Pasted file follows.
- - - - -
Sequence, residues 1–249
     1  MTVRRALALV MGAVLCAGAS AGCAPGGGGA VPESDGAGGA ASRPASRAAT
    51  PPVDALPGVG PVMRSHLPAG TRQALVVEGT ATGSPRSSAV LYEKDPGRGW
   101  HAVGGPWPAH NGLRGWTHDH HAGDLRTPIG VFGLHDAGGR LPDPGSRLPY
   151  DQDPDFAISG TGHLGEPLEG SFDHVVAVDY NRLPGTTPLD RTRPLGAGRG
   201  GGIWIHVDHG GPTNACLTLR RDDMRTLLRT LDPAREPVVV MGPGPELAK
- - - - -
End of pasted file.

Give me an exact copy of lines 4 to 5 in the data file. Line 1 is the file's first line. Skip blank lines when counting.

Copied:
   101  HAVGGPWPAH NGLRGWTHDH HAGDLRTPIG VFGLHDAGGR LPDPGSRLPY
   151  DQDPDFAISG TGHLGEPLEG SFDHVVAVDY NRLPGTTPLD RTRPLGAGRG